After her mother dies, Stacey (Lauren Kinsella) is sent to live with her uncle Will (Aidan Gillen). Stacey is full of anger at her life, and Will has been released from prison on compassionate leave to care for her, so the two must find a way to make this new relationship work.
You’re Ugly Too is a low-key Irish drama about the sacrifices we make for the ones we love, and finding a way to make a strange new situation work. Aidan Gillen is on strong form as former convict Will. It is clear that the character is trying his best to make the situation work, but his old habits are hard to break, and come back with a vengeance. Gillen makes Will sensitive and caring, but with a darker side that only shows now and again. Lauren Kinsella plays Stacey as a typical Dublin ruffian who, at 11 years old, would buy and sell you if you gave her half a chance. The relationship between Will and Stacey is a joy, however, as he is constantly trying to impress her, and she is too cool to be on what she considers to be an old man’s level. The rest of the cast is made up of Erika Sainte and George Pistereanu.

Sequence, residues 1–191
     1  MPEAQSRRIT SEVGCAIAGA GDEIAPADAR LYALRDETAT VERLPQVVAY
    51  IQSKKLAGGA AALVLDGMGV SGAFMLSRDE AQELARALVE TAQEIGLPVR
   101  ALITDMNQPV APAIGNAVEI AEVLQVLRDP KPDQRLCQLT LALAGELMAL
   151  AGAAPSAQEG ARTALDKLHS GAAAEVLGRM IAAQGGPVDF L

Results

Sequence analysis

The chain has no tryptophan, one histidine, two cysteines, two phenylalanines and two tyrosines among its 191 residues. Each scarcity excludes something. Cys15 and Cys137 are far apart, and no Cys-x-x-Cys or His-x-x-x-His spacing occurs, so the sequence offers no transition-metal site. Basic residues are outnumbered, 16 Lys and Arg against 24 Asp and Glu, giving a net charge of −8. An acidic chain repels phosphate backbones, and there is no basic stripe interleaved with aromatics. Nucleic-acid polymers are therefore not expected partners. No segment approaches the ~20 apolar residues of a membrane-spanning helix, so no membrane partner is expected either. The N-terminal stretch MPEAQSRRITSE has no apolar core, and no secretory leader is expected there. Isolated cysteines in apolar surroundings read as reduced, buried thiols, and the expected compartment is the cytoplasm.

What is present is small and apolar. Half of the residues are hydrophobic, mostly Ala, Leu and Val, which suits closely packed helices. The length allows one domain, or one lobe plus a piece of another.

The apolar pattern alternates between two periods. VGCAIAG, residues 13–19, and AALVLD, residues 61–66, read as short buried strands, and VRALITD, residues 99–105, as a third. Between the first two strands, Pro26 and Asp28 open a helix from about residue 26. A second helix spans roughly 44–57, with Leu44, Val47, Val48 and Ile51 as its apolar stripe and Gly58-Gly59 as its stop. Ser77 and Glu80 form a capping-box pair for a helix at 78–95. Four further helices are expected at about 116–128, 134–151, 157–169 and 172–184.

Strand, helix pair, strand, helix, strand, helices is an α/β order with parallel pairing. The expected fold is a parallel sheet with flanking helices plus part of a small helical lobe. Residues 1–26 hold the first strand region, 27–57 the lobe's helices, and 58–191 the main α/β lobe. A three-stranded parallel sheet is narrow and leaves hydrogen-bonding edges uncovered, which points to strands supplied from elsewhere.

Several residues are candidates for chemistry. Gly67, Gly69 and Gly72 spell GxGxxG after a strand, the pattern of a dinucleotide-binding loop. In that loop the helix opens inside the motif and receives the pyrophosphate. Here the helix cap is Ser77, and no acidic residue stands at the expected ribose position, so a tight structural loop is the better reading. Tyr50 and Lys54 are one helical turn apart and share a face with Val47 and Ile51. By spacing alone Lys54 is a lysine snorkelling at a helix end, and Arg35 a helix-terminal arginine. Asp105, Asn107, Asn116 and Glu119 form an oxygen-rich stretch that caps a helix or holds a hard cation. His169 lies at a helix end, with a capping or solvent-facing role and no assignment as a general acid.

Mark Noonan’s screenplay focuses on a new family unit trying to do good in the face of troubles, health issues and an inability to change. The dialogue is clever enough, and exposition comes when it is needed, but not in waves of clunky dialogue. In reality, not a whole lot happens in You’re Ugly Too, but it is a careful examination of family and finding a way to make a painful situation work.
As director, Noonan allows the action to unfold in front of the camera, without ever making the situations feel forced or staged. As well as this, the performances are strong, and the relationships between the characters feel real and natural. There are some narrative structures thrown in to make the film feel worthwhile, but they work for the most part, and the film is fairly well paced; enough to keep the audience engaged.
In all, You’re Ugly Too contains strong performances from Gillen and Kinsella, is carefully written and well directed. An engaging look at modern families in Ireland and a powerful debut from Mark Noonan.